Map of Amboy. Views of the Charleston and Fort Sullivan Harbors


The map presented here shows the city and harbor of Charleston, South Carolina, at the time of the first British siege of Charleston and attack on Fort Sullivan in June 1776. This was the earliest British attempt to capture Charleston during the Revolutionary War, by which General Henry Clinton and Admiral Sir Peter Parker sought to put down the rebellion in the southern colonies. Above the map of Charleston is a view of Fort Sullivan, where William Moultrie, a colonel in the state militia of South Carolina, repulsed a British attack. The fort was later renamed Fort Moultrie in his honor. After failing to secure Charleston, the British fleet sailed to New York City. British forces would not return to Charleston until 1780. The map also includes an inset view of Amboy (present-day Perth Amboy) on the Raritan River, in New Jersey. It shows a layout of the town with houses, streets, fields, vegetation, connecting roads, nearby parts of Raritan Bay and Staten Island, and the ferry to South Amboy. This map has a watermark. Relief is shown by hachures. The map is from the Rochambeau Collection at the Library of Congress, which consists of 40 manuscript maps, 26 printed maps, and a manuscript atlas that belonged to Jean-Baptiste-Donatien de Vimeur, comte de Rochambeau (1725‒1807), commander in chief of the French expeditionary army (1780‒82) during the American Revolution. Some of the maps were used by Rochambeau during the war. Dating from 1717 to 1795, the maps cover much of eastern North America, from Newfoundland and Labrador in the north to Haiti in the south. The collection includes maps of cities, maps showing Revolutionary War battles and military campaigns, and early state maps from the 1790s.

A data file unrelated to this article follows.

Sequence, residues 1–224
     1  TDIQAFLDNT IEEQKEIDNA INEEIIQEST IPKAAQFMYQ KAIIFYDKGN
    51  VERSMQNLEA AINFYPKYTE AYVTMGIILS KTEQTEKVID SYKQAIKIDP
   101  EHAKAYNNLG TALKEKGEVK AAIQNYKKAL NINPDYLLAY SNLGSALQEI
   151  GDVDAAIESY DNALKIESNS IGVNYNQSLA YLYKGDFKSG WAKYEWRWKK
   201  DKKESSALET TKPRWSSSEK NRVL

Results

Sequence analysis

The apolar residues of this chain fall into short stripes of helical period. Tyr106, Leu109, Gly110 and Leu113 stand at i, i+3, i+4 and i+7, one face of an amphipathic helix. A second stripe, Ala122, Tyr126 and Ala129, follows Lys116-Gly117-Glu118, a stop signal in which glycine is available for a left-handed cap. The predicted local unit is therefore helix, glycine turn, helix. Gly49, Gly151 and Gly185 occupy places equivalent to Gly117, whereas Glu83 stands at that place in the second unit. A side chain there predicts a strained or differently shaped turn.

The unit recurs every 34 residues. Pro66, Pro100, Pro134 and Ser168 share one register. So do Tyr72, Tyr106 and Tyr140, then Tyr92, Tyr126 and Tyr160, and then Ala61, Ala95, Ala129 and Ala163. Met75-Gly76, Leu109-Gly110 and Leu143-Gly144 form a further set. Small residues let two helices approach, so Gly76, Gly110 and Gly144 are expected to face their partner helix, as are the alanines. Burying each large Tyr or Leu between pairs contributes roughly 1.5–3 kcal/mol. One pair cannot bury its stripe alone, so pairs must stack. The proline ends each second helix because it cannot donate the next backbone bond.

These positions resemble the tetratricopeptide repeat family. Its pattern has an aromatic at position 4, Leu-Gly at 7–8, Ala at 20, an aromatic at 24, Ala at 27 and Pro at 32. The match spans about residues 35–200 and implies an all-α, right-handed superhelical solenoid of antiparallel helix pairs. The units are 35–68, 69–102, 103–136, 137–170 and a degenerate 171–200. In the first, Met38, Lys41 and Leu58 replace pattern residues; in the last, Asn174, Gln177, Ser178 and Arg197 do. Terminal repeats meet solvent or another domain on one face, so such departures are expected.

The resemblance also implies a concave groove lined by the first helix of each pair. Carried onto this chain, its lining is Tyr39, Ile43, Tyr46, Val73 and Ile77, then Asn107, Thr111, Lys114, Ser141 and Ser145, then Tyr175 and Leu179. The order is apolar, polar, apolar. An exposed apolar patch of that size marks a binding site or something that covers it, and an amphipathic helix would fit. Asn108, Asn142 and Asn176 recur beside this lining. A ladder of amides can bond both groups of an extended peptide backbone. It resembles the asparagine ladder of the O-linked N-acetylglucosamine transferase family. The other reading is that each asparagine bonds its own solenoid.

Date Created

Subject Date

Title in Original Language

Plan d'Amboy. Vues de la rade de Charles-Town et de Fort Sulivan

Type of Item

Physical Description

1 map and 2 views ; 31 x 46 centimeters


  • Scale approximately 1:25,600


  1. Philip Lee Phillips and Library of Congress. Map Division. A List of Maps of America in the Library of Congress: Preceded by a List of Works Relating to Cartography. Vol. 129 (Washington, DC: Government Printing Office, 1901).

Last updated: February 18, 2016